Of all the talk of war in No More Parades the following passage affected me most, to the point where I will show it to anyone I can in my persistence to get everyone reading Parade’s End.

“The beastliness of human nature is always pretty normal. We lie and betray and are wanting in imagination and deceive ourselves, always, at about the same rate. In peace and war! But, somewhere in that view there are enormous bodies of men….. If you got a still more extended range of view over this whole front you’d have still more enormous bodies of men. Seven to ten million… All moving towards places towards which they desperately don’t want to go. Desperately! Everyone of them is desperately afraid. But they go on. An immense blind will forces them in the effort to consummate the one decent action that humanity has to its credit in the whole record of history; the one we are engaged in. The effort is the one certain creditable fact in all their lives…. But the other lives of all those men are dirty, potty and discreditable little affairs…. Like yours… Like mine…”Christopher Tietjens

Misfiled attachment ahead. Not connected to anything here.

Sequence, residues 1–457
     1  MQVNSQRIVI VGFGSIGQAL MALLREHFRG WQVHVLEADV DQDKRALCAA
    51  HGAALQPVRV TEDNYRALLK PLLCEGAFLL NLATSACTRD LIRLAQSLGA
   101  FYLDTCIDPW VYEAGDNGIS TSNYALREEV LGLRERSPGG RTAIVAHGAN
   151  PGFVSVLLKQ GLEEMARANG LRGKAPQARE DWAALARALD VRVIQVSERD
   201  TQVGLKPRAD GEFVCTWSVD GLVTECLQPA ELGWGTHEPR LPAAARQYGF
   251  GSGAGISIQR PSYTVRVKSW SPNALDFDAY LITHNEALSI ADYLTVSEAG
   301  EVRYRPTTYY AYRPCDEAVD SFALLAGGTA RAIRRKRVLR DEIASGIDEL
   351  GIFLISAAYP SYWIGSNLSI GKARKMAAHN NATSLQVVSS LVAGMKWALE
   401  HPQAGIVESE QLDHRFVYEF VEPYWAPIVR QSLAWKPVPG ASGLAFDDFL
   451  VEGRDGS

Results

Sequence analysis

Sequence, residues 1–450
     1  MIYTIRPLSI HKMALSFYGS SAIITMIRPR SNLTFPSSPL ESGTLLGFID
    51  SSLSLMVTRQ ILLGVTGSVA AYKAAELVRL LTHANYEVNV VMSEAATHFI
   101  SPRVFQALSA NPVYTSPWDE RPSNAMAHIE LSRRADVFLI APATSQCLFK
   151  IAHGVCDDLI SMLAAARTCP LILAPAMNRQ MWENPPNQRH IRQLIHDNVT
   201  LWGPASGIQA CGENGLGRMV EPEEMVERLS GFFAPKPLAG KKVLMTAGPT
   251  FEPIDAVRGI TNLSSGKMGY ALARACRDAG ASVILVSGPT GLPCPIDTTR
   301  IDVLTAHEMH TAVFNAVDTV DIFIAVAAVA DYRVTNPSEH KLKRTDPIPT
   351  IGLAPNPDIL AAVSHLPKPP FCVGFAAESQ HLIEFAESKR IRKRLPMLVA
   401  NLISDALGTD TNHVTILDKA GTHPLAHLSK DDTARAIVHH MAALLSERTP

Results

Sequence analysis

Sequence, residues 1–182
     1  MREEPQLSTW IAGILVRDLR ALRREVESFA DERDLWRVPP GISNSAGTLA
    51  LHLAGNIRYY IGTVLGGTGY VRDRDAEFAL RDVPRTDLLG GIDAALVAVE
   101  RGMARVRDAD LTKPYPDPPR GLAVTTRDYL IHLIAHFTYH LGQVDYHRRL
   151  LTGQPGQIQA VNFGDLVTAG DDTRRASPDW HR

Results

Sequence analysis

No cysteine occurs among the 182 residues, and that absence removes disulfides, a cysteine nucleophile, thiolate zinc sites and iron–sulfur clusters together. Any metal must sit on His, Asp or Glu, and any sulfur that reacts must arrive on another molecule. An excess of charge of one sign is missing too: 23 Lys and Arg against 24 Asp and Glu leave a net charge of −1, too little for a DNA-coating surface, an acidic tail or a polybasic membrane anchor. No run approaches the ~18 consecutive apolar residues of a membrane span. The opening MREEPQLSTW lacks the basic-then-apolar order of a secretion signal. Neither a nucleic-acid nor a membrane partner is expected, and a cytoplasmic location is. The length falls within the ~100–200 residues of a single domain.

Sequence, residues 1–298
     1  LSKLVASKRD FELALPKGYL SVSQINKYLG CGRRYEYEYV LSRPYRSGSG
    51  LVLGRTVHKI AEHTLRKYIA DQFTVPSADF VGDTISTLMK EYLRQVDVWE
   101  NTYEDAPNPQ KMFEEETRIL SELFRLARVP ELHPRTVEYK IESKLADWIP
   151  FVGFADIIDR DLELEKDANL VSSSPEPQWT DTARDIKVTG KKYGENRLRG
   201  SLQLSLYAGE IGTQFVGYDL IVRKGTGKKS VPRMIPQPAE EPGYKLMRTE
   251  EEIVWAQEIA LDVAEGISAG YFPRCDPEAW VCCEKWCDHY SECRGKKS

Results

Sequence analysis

These soldiers are scared, they do not want to be fighting war, however, they understand the greater scope of the roles they are performing.

With one half occupying the war, conversely, the other half of No More Parades deals with the presence of Sylvia in France, desperate to seduce her husband. Sylvia is a delight to read, I both loath and adore her simultaneously, she is one of the most fascinating characters I have ever read. Such is the beauty of Ford’s writing, his characters feel so real; you can visualise encountering any of them.

Sylvia finally begins to realise she is actually in love with Christopher, however, she has no clue how to entice him. Throwing a tantrum Sylvia reverts to childish tactics, unable to win him intellectually she decides to continue to trap him in misery and torment. Sylvia’s constantly forgets that Christopher is protecting her reputation, not her; he cares nothing for her beauty, he is in love with Valentine’s mind.